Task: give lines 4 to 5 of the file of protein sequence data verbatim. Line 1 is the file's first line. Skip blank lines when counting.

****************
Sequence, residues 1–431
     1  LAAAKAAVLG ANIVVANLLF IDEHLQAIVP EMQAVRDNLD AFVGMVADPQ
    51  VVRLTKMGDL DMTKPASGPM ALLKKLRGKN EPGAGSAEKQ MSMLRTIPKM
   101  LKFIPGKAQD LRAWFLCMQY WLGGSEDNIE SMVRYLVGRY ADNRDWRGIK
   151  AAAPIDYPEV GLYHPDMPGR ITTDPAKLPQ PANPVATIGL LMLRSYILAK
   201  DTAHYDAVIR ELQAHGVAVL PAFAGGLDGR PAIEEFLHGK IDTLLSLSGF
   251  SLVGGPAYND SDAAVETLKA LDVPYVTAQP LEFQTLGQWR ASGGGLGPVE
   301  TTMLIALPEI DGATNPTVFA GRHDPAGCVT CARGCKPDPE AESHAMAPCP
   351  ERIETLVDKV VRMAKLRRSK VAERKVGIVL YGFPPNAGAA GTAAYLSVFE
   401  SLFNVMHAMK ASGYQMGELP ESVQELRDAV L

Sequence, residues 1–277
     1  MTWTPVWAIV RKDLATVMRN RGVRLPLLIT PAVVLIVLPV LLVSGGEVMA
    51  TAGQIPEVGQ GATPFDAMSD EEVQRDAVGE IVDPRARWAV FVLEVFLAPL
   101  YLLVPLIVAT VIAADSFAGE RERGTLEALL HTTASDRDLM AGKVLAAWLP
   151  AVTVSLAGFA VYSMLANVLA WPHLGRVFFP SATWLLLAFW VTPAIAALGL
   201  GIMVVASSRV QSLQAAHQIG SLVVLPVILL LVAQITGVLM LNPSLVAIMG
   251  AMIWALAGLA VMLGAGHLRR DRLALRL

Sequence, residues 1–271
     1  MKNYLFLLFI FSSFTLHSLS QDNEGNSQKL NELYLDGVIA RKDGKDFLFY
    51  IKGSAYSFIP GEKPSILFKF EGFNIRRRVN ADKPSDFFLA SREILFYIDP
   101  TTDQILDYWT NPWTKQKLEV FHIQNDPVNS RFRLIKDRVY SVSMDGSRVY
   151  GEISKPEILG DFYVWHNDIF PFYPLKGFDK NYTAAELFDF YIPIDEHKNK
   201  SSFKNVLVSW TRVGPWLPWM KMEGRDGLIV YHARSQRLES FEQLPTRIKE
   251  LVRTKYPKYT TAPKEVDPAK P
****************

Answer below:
   101  LKFIPGKAQD LRAWFLCMQY WLGGSEDNIE SMVRYLVGRY ADNRDWRGIK
   151  AAAPIDYPEV GLYHPDMPGR ITTDPAKLPQ PANPVATIGL LMLRSYILAK